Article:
President Obama's Latin America Trip Will Include A Stop In Cuba
RENEE MONTAGNE, HOST:
President Obama and the first lady will travel to Cuba next month, the White House announced this morning. It will be the first visit by a sitting U.S. president in 88 years, and will carry enormous symbolism in a country that has long been isolated. Just over one year ago, President Obama began the process of allowing U.S. companies to do business in Cuba. Most dramatically, the American flag was raised last August as the American embassy reopened in Havana. Joining us now is Patrick Oppmann. He's the only American TV correspondent based in Havana working for CNN. Good morning.
PATRICK OPPMANN: Good morning to you, Renee.
MONTAGNE: Now the word is out, but probably just getting out about Obama's visit there in Cuba. Have you seen any reaction yet?
OPPMANN: Oh yeah, there has been a reaction. You know, some - it's really the biggest story in Cuba in many months, and it still hasn't been reported by the island's state-run media. I'm sure that'll change in the coming hours. But Cubans are only finding out about it by - through foreigners who've got Internet connections, which many Cubans don't have, or people who've got illegal satellite dishes. And there is, as you'd expect, a tremendous amount of excitement.
MONTAGNE: Well, one thing. The U.S. still does have a trade embargo against Cuba, which cannot be lifted without congressional approval. Would there be any sense with this visit there that it is really just symbolic?
OPPMANN: Well, it's a lot of symbolism. And President Obama has called for the trade embargo to be lifted. You'd certainly expect that he would do that again in Cuba. And so that's what the Cuban government - certainly Cuban officials that I've talked to get out of this. And for a country that until recently was considered isolated - it was U.S. policy to isolate this country - to have this kind of visit is somewhat unimaginable. You know, we've heard about it for months but last night, when word finally leaked out and it was confirmed, Cubans just seemed stunned. Most Cubans that I've talked to - the majority of Cubans, of course, were born after Fidel Castro took power - never thought they would live to see the day that a U.S. president would visit their island on this kind of visit, really heralding a change in relations, although President Obama says still, serious differences remain between the U.S. and Cuban governments that he plans on addressing.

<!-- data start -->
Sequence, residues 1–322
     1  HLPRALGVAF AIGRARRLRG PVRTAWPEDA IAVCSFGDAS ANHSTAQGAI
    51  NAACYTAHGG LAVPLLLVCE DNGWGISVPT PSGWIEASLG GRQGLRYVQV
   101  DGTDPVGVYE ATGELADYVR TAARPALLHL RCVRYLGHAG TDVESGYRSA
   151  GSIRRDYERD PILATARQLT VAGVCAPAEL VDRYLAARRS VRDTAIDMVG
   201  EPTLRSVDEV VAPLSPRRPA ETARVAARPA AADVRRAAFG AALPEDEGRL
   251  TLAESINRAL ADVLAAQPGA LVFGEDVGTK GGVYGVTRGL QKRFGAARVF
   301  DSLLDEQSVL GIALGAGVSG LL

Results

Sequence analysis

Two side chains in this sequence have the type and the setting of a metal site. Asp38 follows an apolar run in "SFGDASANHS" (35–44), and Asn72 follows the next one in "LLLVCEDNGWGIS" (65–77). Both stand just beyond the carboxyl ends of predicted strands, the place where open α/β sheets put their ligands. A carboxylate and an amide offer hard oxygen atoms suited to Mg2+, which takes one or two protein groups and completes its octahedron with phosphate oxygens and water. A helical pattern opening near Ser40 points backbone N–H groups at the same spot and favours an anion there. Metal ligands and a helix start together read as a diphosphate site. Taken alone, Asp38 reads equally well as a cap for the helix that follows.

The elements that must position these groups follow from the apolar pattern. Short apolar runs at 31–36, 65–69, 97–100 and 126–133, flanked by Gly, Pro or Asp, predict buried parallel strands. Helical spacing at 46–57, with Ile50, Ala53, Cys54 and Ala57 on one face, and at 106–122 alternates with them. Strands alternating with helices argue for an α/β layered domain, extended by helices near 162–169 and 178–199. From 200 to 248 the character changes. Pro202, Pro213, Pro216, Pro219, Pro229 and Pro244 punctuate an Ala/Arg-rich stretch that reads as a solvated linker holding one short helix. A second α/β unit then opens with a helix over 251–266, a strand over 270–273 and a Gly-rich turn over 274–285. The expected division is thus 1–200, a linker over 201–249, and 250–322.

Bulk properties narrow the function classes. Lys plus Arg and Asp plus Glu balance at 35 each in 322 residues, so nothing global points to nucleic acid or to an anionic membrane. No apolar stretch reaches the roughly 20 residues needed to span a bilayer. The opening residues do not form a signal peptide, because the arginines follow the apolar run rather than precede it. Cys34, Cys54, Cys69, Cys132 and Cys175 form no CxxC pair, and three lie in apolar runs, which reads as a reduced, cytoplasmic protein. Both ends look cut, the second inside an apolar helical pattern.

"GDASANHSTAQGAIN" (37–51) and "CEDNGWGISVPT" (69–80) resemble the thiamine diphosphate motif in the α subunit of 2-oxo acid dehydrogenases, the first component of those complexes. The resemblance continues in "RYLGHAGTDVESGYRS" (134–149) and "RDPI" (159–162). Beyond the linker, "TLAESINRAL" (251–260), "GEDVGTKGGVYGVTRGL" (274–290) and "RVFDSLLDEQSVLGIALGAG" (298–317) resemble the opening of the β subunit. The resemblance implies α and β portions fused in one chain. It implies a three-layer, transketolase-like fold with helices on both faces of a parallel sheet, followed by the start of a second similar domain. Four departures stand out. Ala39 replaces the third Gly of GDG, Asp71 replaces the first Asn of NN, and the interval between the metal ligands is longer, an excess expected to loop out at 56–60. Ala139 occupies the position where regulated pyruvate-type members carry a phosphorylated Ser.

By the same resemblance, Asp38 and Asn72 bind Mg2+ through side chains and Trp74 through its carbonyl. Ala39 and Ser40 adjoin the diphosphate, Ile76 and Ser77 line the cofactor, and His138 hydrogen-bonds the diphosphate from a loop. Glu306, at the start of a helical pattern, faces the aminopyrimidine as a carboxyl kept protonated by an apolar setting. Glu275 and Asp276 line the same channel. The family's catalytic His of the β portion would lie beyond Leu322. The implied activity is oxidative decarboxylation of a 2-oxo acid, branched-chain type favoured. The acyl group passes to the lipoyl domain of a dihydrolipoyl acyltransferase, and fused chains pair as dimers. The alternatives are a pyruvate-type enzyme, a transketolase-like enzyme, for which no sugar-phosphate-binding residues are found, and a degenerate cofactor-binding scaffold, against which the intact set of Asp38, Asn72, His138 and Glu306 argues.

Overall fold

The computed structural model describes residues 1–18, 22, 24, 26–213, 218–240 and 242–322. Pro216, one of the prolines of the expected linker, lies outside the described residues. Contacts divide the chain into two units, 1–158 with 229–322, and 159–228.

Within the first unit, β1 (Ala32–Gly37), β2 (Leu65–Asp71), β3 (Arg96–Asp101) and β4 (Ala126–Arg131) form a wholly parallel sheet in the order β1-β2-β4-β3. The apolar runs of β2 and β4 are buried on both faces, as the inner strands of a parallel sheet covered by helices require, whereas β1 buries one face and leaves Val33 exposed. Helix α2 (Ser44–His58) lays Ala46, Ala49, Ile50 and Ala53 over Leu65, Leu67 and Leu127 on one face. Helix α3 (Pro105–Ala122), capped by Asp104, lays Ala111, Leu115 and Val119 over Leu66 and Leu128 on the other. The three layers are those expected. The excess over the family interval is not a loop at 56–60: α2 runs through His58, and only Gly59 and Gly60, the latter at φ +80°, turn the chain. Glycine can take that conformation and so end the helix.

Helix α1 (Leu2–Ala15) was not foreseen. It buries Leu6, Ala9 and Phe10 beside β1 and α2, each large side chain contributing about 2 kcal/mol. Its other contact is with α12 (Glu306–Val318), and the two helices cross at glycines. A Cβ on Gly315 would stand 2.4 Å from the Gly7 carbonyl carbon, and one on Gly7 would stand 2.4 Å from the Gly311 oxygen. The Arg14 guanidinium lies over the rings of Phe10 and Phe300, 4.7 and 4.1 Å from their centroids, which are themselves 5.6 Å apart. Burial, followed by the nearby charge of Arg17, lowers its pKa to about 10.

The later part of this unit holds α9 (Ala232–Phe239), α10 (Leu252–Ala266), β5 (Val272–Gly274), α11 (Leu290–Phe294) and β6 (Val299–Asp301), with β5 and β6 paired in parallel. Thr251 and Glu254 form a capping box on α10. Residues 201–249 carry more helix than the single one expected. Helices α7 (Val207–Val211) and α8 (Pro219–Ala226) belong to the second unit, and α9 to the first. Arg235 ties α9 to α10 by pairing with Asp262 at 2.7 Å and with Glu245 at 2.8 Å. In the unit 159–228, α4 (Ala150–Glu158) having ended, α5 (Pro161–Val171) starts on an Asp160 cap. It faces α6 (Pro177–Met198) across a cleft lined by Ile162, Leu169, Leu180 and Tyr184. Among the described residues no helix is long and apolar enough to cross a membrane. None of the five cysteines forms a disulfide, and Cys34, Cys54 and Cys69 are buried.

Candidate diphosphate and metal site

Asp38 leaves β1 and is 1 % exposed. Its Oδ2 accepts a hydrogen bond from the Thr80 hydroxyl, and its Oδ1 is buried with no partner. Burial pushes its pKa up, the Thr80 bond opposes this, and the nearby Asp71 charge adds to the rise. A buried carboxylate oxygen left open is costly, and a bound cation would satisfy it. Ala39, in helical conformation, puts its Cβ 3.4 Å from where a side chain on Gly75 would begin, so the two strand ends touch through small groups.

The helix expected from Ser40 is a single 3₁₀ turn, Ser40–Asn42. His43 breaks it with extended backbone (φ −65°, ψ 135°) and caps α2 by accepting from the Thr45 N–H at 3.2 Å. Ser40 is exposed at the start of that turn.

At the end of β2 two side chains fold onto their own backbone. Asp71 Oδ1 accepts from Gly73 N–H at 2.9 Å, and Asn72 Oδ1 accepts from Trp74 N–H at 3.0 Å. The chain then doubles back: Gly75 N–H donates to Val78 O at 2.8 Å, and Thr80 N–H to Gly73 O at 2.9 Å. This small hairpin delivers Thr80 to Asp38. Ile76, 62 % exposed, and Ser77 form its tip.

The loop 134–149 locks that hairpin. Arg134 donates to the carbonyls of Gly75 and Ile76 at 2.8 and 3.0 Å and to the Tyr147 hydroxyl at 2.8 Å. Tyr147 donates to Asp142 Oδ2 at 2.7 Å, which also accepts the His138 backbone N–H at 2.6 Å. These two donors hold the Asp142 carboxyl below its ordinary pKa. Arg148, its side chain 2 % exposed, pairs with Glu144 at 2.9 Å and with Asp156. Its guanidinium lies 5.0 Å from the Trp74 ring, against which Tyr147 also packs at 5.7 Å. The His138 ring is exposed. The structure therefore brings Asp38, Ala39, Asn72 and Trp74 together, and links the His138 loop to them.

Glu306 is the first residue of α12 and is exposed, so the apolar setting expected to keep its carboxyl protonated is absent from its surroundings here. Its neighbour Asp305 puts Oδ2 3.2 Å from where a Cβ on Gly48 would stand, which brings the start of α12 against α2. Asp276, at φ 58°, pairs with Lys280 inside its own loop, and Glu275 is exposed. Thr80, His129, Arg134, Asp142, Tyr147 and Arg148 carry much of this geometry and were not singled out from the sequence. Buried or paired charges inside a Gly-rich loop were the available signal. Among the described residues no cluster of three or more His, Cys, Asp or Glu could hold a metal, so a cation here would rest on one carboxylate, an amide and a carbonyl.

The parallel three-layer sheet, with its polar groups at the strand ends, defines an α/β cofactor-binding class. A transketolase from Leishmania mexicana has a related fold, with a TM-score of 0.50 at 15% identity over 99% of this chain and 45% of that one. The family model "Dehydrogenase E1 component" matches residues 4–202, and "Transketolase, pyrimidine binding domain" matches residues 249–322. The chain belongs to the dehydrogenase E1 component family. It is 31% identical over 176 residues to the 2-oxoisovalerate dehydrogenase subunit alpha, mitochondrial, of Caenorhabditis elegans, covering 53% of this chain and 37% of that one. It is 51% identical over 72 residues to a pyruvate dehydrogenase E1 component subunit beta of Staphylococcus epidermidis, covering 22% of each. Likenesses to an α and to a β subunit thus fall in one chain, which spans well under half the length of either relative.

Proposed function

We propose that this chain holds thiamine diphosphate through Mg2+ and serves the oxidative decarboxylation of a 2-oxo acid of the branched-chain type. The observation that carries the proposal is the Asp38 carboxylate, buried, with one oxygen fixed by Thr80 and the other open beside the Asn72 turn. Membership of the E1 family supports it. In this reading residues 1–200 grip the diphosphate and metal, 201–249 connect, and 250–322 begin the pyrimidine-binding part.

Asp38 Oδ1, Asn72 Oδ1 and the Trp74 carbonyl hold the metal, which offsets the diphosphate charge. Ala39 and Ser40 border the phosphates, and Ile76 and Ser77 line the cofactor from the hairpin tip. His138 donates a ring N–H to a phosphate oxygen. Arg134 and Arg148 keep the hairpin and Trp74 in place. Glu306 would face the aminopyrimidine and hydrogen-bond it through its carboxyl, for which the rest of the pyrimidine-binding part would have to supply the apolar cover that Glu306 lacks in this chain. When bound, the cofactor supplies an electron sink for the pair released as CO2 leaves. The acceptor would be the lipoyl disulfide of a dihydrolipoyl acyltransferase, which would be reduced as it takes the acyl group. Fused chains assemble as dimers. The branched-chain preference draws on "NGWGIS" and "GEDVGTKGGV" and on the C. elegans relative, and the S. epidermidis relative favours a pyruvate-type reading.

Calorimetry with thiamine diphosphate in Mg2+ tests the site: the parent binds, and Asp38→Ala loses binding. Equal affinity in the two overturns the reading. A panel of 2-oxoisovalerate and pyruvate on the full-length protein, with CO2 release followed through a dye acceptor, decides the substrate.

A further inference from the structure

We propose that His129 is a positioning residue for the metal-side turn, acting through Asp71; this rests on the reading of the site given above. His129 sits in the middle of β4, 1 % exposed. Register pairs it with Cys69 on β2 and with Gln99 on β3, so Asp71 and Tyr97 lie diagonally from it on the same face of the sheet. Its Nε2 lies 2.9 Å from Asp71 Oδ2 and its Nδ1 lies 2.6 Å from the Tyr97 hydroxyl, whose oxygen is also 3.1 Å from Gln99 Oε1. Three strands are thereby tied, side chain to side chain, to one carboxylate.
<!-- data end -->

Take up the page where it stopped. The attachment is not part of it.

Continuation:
MONTAGNE: Well - and even so, though, President Obama is not the only one visiting. He said in this announcement today that more Americans are traveling to Cuba than in any time in the last 50 years, taking advantage of loosening of travel restrictions. What have you seen?
OPPMANN: Oh, you know, I've been here for four years, and it used to be you were an incredible rarity, something almost exotic by being here as an American. And Americans were prosecuted by previous administrations for coming to Cuba. There's still a ban on tourism. All the same, the streets of old Havana are clogged with American visitors now, and it's only beginning because very soon, we expect there will be once again, for the first time in five decades, regular direct flights between Cuba and the United States. And that will make it much, much easier for Americans to come here, and we expect a huge surge - an even bigger surge of American visitors.
MONTAGNE: All right. Well, thank you very much for joining us.
OPPMANN: Thank you.
MONTAGNE: Patrick Oppmann is the CNN correspondent in Havana, Cuba, and he spoke to us from Havana.
NPR transcripts are created on a rush deadline by Verb8tm, Inc., an NPR contractor, and produced using a proprietary transcription process developed with NPR. This text may not be in its final form and may be updated or revised in the future. Accuracy and availability may vary. The authoritative record of NPR’s programming is the audio record.